More than 70% of working mothers who asked to be furloughed for childcare reasons since schools shut have been refused, according to a survey that experts said highlighted a rapid reversal in gender equality that will take decades to repair.
The survey of 50,000 women in the UK has revealed the crisis facing working mothers and was described as a “cry for help” by trade union umbrella body the TUC.
TUC general secretary, Frances O’Grady, said the government’s lack of support for working parents was causing huge financial hardship and stress – and hitting low-paid mums and single parents hardest.
“Just like in the first lockdown, mums are shouldering the majority of childcare,” she said. “Tens of thousands of mums have told us they are despairing. It’s neither possible nor sustainable for them to work as normal, while looking after their children and supervising schoolwork.”
Since April 2020 the job retention scheme has allowed bosses to furlough parents who can’t work due to a lack of childcare, but the survey found that 78% of working mothers had not been offered furlough.
The TUC survey found 90% of working mothers had seen their anxiety and stress levels increase during the latest lockdown, while almost half (48%) were worried about being treated negatively by their employers because of their childcare responsibilities.
The research also suggests a widespread lack of awareness among workers that they can ask to be furloughed for childcare reasons – two in five mothers were unaware the scheme was available to parents affected by school or nursery closures.
While the TUC marketed the survey to all parents, just 7% of respondents (2,660) were men – suggesting the issue is heavily gendered. Of the 167 fathers (compared to 3,100 mothers) who had asked for furlough, 75% had been refused, a similar percentage as women, at 71%. And while 25% of both male and female respondents were using annual leave to manage childcare, 10% of men had been forced to reduce their hours, compared to 18% of women.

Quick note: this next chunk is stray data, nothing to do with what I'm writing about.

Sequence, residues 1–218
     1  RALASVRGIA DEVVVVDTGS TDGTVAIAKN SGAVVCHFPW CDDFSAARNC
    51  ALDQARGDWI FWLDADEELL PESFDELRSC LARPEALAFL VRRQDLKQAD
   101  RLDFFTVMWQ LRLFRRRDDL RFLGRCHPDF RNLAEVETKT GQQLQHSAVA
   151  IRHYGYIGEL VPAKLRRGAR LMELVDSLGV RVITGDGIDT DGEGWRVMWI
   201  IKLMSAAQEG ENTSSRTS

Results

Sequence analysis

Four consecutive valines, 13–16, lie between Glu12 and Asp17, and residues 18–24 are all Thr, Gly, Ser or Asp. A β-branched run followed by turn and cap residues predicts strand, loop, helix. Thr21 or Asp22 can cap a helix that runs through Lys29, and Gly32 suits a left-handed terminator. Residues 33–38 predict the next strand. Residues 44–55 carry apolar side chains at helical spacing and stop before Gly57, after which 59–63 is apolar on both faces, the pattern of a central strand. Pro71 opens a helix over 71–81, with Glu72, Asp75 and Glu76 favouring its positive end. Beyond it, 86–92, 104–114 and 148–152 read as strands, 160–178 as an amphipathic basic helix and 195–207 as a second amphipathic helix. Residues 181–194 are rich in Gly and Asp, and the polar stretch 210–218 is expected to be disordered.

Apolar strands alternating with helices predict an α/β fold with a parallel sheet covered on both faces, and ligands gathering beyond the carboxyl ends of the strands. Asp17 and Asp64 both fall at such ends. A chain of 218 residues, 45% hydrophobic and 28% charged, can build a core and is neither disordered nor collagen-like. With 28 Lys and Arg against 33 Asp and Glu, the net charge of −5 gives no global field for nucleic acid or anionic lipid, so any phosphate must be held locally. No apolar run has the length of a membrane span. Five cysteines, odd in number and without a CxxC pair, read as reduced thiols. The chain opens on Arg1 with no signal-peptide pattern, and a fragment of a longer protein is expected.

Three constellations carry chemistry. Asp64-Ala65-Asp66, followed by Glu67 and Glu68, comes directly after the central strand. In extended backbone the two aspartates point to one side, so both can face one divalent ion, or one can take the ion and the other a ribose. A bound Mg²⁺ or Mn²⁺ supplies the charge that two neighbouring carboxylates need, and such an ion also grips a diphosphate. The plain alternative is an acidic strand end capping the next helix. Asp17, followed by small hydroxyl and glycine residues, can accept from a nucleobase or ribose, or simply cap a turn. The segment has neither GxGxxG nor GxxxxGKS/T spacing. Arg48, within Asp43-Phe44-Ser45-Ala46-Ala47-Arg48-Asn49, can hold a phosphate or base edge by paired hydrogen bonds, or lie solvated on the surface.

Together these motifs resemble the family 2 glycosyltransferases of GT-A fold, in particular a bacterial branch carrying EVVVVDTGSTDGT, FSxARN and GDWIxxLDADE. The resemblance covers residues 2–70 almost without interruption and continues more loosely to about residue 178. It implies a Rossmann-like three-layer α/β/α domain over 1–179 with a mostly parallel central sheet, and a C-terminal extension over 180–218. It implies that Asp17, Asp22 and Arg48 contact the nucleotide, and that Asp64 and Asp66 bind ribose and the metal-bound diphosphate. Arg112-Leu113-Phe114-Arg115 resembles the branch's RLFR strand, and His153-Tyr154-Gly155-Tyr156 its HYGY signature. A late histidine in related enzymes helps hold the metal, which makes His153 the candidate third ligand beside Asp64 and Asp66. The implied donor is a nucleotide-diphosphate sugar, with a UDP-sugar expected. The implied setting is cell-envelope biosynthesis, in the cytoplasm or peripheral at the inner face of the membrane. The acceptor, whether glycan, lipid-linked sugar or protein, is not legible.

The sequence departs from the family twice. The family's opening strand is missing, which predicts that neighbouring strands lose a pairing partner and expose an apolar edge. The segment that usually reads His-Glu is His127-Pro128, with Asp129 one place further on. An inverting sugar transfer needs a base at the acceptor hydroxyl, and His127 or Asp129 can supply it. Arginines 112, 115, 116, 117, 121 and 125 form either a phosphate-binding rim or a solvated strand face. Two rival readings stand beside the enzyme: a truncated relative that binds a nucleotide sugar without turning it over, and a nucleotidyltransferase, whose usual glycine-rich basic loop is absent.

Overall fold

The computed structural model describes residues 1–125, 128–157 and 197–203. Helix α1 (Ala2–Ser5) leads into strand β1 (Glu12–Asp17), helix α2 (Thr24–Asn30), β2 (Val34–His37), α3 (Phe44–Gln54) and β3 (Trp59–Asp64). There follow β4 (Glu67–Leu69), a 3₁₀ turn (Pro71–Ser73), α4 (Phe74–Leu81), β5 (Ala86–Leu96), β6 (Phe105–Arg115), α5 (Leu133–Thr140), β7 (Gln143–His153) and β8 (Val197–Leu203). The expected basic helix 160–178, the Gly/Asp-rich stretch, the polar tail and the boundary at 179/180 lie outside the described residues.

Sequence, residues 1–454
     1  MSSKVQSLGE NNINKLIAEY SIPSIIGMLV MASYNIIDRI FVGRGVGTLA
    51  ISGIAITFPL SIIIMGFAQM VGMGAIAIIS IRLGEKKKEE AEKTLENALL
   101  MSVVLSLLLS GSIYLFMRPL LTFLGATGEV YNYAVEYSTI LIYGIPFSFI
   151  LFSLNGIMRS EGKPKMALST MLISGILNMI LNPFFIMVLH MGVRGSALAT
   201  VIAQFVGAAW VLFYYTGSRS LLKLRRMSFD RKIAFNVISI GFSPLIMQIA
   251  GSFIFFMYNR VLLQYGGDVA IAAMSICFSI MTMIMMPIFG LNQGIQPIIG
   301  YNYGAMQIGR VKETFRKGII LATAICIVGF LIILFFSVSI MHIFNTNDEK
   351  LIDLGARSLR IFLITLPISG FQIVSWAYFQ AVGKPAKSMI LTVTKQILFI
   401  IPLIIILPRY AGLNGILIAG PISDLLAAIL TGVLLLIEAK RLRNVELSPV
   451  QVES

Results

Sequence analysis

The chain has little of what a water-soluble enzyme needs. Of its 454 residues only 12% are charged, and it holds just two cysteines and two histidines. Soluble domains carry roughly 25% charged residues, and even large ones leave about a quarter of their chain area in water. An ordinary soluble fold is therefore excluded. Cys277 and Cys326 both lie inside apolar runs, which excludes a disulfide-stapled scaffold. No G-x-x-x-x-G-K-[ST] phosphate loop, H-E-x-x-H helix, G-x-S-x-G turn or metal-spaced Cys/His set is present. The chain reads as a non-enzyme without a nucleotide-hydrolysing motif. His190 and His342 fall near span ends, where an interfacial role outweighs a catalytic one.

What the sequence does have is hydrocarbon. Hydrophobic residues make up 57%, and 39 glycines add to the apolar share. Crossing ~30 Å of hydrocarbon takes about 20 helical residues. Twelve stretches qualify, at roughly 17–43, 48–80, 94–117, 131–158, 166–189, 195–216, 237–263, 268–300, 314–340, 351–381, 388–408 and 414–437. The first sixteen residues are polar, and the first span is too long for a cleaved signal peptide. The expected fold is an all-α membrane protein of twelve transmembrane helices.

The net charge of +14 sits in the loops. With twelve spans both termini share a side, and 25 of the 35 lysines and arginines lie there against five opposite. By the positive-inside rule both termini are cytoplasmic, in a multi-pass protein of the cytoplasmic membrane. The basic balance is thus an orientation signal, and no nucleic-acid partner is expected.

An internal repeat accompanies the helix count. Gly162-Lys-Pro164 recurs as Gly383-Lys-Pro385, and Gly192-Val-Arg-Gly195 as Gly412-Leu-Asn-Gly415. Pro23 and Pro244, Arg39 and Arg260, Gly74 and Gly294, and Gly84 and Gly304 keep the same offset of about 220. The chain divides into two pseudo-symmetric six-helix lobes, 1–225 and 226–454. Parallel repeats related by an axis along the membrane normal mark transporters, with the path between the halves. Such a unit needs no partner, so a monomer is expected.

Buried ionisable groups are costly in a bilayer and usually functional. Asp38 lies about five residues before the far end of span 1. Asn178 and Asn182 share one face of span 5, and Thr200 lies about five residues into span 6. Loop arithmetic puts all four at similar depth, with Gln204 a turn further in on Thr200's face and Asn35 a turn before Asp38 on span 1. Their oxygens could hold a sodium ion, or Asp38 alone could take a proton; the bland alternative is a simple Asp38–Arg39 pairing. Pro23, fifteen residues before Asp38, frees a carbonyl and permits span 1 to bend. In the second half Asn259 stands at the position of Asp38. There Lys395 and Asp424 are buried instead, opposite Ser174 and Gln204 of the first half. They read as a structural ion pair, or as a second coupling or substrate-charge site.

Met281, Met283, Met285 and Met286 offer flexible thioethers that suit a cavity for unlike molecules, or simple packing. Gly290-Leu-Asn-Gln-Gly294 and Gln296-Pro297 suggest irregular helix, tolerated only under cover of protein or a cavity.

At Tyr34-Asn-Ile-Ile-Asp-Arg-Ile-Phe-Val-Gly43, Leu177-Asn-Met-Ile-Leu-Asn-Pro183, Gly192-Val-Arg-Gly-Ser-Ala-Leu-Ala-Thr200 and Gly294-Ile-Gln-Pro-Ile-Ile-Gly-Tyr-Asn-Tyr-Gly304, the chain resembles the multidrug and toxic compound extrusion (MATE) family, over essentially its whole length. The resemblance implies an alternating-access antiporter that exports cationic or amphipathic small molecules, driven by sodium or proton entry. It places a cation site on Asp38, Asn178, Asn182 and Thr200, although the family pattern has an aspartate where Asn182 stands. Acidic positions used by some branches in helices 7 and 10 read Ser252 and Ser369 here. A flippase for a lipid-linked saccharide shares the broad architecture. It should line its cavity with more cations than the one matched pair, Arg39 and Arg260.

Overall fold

The TUC is calling for a temporary legal right to furlough for parents and carers, along with 10 days’ paid carers leave, a right to flexible work, an increase in sick pay and access to the self-employment income support scheme (SEISS) for newly self-employed parents.
“Making staff take weeks of unpaid leave isn’t the answer,” said O’Grady. “Bosses must do the right thing and offer maximum flexibility to mums and dads who can’t work because of childcare. And as a last resort, parents must have a temporary right to be furloughed where their boss will not agree.”
Joeli Brearley of the campaigning group Pregnant Then Screwed said the organisation had been frantically trying to help an influx of “distressed mothers”.
“The government must have known this would happen, they must appreciate that by closing schools with little consideration for parent employees that we would see women trapped in impossible circumstances,” she said. “We are on the brink of a mental health crisis and a rapid reversal of gender equality that will take us decades to repair.”
Holly*, a single mother with two children requested furlough and provided her boss with government information, but he “refused to believe her” and insisted she take unpaid leave. “I have had to get support for the food bank just so I know at least I will be able to feed my children,” she said.
Ciara*, who has three children under 10, said she had been told to work after her children had gone to bed. ‘I finish at 1am and am up at 5.30am with my youngest. I’m facing weeks, maybe longer of this. I can’t sustain it.”
Anna Whitehouse, otherwise known as Mother Pukka author of ‘Parenting the Sh*t out of Life’ said working parents were being asked to do the impossible, adding: “This unpaid labour is mainly strapped to female shoulders because – for all the International Women’s Days Sellotaped together – that’s the current working world we live in,” she said. “The system needs to step up for parents before we step back to the 1950s.”
Under the current rules employees can be furloughed (with 80% of their wages covered by the government to a maximum of £2,500 a month) if they are clinically extremely vulnerable, caring for someone vulnerable or are “caring for children who are at home as a result of school and childcare facilities closing”. Flexible furlough is available for caring responsibilities and can also be given on a part-time basis, meaning families could choose to share caring responsibilities if supported by their companies.
A Treasury spokesperson said: “It’s been clear since the first lockdown that employers can furlough eligible employees who are required to shield, or those with childcare responsibilities, including because of school closures.’’